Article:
Ladyrig, between Heiton and the Bowmont Forest, was
farmed by the ROBERTON family for more than 200 years
from 1778. At that time the only fertiliser was the manure
produced by beasts on the farm; lime was seldom applied;
there were no artificial animal foodstuffs; drainage was
poor or non-existent and the land was still divided into the
‘infield’ and the poor grazing of the ‘outfield’. From 1799,
the Robertons carried out cross-draining of the boggy areas,
deepened ditches and installed a water-wheel. From 1818,
the application of bone meal began and this, combined
with better drainage, saw a doubling in weight of crops like
JAMES ROBERTON took the fourth lease (1837-72). Better drainage, plus the use of bone meal and guano, brought wet soils under cultivation with spring wheat and barley, while sterile moor was able to produce fine crops of turnips. The railways allowed manures and drainage tiles to be brought in cheaply and bulky crops like potatoes (previously grown only for local use) could now be profitably increased. Many farmers came to Ladyrig to learn from James Roberton, among them Herr Schiffert of Hamburg, Count de Courcy of Paris and a Mr la Noski from Odessa. James Roberton set up scientific trials to gauge the exact effect of weeds on a wheat crop. He was the first Secretary of the Kelso Analytical and Testing Association (set up in 1859) and the Tweedside Agricultural Museum Society (set up in 1841). In 1876 he wrote The History of a Farm about Soursides.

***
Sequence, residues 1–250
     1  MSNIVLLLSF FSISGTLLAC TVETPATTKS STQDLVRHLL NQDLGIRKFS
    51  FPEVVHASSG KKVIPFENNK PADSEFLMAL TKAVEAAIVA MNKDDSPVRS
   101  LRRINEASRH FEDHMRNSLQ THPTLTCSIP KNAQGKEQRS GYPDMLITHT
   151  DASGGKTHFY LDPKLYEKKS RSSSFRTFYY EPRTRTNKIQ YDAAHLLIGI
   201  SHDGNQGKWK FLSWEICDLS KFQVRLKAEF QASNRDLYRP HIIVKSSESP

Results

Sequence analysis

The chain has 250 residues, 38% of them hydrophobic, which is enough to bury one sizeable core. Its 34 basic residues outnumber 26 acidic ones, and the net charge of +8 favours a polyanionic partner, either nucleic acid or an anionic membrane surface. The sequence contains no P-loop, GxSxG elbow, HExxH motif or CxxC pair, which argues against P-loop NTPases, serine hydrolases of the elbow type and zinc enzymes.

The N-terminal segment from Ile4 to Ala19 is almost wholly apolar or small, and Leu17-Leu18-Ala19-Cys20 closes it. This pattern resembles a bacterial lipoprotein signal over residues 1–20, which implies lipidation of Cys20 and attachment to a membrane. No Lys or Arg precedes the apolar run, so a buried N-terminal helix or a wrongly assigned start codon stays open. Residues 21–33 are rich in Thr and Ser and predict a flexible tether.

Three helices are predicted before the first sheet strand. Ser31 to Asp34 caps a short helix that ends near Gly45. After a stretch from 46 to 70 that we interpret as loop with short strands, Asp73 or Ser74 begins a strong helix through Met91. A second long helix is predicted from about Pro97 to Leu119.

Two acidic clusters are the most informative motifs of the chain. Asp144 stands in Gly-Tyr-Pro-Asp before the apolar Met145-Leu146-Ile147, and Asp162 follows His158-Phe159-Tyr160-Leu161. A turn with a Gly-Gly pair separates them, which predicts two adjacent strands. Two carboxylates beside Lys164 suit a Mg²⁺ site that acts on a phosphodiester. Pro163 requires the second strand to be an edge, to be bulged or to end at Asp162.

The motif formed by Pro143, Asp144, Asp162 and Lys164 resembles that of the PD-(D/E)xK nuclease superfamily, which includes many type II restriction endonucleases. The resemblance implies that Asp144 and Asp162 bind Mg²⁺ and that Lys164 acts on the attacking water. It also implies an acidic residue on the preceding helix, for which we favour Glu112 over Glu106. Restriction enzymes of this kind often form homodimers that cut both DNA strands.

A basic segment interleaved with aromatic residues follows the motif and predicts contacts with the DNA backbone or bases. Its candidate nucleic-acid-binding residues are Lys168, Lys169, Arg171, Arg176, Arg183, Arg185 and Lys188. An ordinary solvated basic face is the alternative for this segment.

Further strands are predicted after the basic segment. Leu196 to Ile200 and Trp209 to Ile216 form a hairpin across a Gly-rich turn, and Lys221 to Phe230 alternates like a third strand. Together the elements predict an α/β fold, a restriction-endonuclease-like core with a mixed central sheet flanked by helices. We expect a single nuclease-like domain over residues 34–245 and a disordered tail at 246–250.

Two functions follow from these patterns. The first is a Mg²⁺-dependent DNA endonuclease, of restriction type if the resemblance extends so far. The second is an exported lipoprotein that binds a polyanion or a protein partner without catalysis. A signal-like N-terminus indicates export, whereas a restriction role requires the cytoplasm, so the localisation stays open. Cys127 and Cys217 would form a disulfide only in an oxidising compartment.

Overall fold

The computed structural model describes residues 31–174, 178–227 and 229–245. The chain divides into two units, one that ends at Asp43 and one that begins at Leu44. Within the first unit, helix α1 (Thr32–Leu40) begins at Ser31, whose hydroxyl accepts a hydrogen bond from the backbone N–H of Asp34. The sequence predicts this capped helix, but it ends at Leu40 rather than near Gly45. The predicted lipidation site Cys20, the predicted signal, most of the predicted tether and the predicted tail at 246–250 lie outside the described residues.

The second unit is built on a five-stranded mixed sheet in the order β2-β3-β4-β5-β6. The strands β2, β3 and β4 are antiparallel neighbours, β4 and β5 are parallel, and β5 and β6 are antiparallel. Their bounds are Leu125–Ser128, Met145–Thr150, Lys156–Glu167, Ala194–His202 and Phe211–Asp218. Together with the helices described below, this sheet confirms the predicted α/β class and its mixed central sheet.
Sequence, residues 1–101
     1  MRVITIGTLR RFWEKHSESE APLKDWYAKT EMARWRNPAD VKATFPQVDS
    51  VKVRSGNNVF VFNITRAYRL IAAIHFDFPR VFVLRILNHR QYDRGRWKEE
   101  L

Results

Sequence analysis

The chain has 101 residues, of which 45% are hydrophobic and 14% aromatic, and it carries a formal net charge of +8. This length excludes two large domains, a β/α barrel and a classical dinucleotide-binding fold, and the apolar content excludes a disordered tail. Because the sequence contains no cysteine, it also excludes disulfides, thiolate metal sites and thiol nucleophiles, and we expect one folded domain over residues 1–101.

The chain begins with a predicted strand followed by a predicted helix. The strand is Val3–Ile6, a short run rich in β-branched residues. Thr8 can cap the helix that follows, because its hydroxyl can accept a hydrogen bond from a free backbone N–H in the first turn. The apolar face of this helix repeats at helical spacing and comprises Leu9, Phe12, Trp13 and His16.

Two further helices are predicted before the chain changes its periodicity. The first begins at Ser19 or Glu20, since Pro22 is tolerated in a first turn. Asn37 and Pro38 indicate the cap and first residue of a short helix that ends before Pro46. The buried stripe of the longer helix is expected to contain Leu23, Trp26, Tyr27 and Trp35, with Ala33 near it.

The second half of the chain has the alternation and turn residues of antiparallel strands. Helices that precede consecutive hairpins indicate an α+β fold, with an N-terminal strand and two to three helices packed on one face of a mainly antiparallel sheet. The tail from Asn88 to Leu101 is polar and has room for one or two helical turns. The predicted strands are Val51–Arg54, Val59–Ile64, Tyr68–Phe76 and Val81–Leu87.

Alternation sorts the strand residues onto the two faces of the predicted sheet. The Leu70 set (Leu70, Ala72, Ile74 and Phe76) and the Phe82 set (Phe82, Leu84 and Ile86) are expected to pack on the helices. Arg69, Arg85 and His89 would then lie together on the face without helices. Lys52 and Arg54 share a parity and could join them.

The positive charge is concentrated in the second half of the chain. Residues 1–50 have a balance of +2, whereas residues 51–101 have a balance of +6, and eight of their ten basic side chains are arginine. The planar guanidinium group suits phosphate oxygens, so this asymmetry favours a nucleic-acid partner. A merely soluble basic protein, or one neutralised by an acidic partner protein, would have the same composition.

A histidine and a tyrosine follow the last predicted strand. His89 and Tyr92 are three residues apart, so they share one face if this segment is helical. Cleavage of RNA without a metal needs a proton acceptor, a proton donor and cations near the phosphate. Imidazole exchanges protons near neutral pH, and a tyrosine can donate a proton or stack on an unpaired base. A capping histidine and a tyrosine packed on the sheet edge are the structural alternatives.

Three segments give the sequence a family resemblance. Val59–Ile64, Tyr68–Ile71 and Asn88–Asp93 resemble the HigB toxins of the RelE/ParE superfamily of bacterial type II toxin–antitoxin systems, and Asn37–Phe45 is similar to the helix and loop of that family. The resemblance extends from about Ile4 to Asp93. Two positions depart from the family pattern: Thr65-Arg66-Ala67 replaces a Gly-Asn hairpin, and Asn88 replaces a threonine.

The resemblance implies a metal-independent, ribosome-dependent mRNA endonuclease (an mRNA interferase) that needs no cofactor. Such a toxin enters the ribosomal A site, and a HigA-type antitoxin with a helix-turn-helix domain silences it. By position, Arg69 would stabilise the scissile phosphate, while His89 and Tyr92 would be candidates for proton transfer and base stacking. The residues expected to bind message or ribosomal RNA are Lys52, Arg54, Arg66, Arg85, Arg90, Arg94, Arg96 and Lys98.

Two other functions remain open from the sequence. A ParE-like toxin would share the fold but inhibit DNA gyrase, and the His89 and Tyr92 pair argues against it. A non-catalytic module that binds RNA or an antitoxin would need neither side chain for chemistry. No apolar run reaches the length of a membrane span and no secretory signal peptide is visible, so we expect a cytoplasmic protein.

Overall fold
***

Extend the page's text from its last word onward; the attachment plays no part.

Kelso farmers were at the forefront of the agricultural revolution which began in the 18th century. In the 1760s, William Dawson of Frogden was the first in the area to use the drill system for turnips and reclaimed, drained and fertilized the land. In January 1813 the Border Agricultural Society was formed, holding its first show in September in the Knowes and offered £50 to Mr Robert Glaister of Wooler to set up a veterinary practice in Kelso. In 1852, Kelso Farmers Club took part in a scientific trial of different manures. In the latter half of the 19th century, Robert Elliot of Clifton Park experimented using the ‘ley’ system of crop rotation.
Find out about the contribution people from Kelso have made through the ages. Biographies of characters with Kelso connections who have made their mark throughout the world.View Storyboard: James Roberton of Ladyrig